Eventing Overview: Cross-Country

  After the first phase in eventing, cross-country is usually the next phase that follows. Cross-country is the phase that separates eventing from the dressage and show jumping disciplines. It's also something that I recommend every horse person to try participating in at least once.

Photographer:
David Goldman
Picture from:
http://uk.eurosport.yahoo.com/30072012/5/photo/30072012183024.html


  Cross-country is a phase in eventing that really tests your bravery and skills as an athlete. For those of you unfamiliar with it, cross-country takes place in an open field where solid jumps are spread across the course and you are racing against the clock in hopes to beat all of the times your competitors have set.

  To be good at riding a cross-country course, you need to be able to master the balance between speed, control and patience. In between your jumps, most riders will take the opportunity to allow their horse to gallop to the next obstacle to save time. The difficulty with this is being able to bring them back to a controlled pace before you reach the base of the jump so that you can clear it with ease. Keep in mind that these are pretty solid jumps. Unlike show jumping where the rails will fall if you miscalculate your takeoff, these jumps are far less forgiving.

Photographer:
Chris Skelton
Picture from:
http://www.zimbio.com/pictures/ZQe-kvP-IaU/Manukau+City+Puhinui+Three+Day+Event+Cross/6MXJSkbayB3

  You'll also need to be able to take your horse's stamina into consideration while going through the course. If you're constantly asking your horse to gallop as fast as he can and then still be able to jump, you might not make it to the finish line. Learning how to be patient for the jumps and during the time between them is an important skill to learn if you want to be good at cross-country.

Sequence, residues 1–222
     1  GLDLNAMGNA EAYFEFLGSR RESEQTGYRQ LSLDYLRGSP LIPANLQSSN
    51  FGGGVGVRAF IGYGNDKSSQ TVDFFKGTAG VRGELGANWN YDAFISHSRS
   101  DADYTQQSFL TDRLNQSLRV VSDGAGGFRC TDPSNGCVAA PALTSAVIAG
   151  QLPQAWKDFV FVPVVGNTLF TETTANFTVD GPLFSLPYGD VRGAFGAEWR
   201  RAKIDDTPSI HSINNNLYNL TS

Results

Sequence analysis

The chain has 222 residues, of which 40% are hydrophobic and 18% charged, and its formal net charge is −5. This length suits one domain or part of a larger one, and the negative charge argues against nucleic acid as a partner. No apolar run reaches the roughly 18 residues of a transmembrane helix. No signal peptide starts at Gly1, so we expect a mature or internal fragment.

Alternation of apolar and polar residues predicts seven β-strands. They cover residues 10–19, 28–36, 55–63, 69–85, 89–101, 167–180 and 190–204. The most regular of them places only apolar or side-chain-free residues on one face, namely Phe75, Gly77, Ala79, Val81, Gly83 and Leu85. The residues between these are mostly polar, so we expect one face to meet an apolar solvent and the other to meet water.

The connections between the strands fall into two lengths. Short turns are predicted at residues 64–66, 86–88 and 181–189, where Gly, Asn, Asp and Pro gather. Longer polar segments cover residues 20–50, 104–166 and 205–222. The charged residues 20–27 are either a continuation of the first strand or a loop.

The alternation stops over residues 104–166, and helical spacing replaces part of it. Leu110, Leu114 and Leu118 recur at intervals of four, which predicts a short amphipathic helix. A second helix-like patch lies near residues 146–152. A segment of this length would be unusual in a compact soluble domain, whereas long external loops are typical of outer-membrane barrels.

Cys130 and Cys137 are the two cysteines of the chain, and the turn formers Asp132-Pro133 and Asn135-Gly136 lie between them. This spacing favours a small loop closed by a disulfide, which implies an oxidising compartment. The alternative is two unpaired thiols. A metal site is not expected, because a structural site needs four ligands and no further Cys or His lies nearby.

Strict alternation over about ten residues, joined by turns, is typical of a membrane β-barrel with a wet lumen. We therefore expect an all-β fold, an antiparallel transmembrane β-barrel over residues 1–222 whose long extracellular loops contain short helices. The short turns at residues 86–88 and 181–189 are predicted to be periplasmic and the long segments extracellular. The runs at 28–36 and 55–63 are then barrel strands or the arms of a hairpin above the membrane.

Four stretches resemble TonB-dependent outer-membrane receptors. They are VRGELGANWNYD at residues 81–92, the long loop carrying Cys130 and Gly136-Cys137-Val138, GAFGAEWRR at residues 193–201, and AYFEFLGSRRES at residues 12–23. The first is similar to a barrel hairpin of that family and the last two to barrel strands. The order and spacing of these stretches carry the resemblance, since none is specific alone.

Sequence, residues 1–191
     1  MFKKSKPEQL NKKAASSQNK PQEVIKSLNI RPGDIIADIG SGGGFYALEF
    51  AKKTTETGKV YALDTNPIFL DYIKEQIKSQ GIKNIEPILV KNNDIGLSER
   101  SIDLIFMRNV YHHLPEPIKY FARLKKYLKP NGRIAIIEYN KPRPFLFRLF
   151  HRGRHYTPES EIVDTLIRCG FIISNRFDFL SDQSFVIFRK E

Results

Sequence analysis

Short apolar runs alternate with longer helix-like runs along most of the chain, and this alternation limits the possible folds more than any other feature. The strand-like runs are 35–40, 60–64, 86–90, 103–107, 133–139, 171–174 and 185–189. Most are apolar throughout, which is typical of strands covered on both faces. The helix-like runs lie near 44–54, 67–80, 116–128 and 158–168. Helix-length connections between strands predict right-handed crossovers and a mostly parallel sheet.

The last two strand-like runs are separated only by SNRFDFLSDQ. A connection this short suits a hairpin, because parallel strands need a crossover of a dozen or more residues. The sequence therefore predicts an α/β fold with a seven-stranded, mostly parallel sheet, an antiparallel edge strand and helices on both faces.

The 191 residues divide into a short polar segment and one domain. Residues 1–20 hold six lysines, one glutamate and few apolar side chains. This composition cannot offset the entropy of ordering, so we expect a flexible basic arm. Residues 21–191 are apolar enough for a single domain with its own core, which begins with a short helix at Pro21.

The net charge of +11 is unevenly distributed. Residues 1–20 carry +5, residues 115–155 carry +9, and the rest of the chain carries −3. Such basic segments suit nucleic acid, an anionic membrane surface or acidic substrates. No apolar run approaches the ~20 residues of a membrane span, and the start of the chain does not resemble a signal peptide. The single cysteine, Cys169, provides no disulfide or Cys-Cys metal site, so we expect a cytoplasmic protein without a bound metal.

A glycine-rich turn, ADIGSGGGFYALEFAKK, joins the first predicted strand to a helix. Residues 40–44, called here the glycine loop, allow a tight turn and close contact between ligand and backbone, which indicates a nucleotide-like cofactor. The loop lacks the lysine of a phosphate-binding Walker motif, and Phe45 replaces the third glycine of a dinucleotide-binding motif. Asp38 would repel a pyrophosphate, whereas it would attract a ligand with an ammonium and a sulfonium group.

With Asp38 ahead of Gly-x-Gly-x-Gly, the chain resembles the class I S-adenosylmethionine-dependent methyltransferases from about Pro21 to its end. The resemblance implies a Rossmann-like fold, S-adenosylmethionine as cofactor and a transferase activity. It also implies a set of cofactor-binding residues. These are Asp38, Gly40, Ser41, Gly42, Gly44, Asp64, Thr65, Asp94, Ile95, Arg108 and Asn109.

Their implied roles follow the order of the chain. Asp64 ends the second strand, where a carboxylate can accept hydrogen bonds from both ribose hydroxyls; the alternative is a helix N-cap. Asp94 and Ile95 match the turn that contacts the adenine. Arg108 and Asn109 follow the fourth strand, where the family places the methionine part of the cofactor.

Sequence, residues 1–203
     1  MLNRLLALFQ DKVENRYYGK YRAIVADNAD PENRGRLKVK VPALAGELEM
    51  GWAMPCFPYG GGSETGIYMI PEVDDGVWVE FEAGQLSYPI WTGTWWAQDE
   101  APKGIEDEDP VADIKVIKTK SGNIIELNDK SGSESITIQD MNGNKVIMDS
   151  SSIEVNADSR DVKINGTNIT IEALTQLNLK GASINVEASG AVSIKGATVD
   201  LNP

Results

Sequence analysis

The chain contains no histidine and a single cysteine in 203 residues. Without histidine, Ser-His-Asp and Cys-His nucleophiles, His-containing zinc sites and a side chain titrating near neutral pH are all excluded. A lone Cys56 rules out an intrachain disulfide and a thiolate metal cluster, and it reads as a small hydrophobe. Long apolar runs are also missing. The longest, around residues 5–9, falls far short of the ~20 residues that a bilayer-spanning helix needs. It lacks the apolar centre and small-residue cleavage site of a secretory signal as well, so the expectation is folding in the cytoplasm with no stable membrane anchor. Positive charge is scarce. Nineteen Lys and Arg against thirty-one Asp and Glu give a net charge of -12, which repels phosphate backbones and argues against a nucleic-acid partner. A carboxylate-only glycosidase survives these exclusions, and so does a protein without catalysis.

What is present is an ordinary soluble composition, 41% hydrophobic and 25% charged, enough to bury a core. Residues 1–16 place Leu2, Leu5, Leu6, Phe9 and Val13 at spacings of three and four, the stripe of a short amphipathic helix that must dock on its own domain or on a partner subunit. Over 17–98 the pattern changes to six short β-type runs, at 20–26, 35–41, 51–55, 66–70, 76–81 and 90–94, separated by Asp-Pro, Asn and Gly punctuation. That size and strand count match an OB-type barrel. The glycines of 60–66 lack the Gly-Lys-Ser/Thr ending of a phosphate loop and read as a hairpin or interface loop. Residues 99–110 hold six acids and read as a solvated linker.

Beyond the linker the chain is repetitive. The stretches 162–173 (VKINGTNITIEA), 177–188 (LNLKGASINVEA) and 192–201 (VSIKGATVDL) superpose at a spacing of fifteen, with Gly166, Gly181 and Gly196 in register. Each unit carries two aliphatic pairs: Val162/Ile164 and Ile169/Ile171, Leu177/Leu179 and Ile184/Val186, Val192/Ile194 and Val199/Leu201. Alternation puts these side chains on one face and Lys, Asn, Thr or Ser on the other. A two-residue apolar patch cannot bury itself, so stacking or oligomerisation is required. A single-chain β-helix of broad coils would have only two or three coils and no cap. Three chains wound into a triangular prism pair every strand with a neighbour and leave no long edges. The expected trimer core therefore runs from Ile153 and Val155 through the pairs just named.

It can be intimidating to be out in a field without a fence in sight. The horses usually get a little more excited and harder to control. Having a good relationship with your horse and reminding him to be constantly listening to you is also important when you're going through the course.

  The adrenaline rush and the excitement (not to mention the workout) you get throughout and after a cross-country course is something I've never experienced anywhere else . Just make sure you are careful and that you have someone who is experienced with you if it's your first time out of the ring. Also keep in mind that your horse may be a little "looky" towards the jumps if he has never seen them before so he'll probably refuse a few times.

Photographer:
Charlie Riedel
Picture from:
http://www.theguardian.com/sport/london-2012-olympics-blog/2012/jul/30/olympics-2012-test

  So that is it for this week, I wish you all a wonderful weekend. Thank you for reading Pure Horse Sense and best of luck if you are wanting to try your hand out at cross-country.

  Until next time, happy riding!

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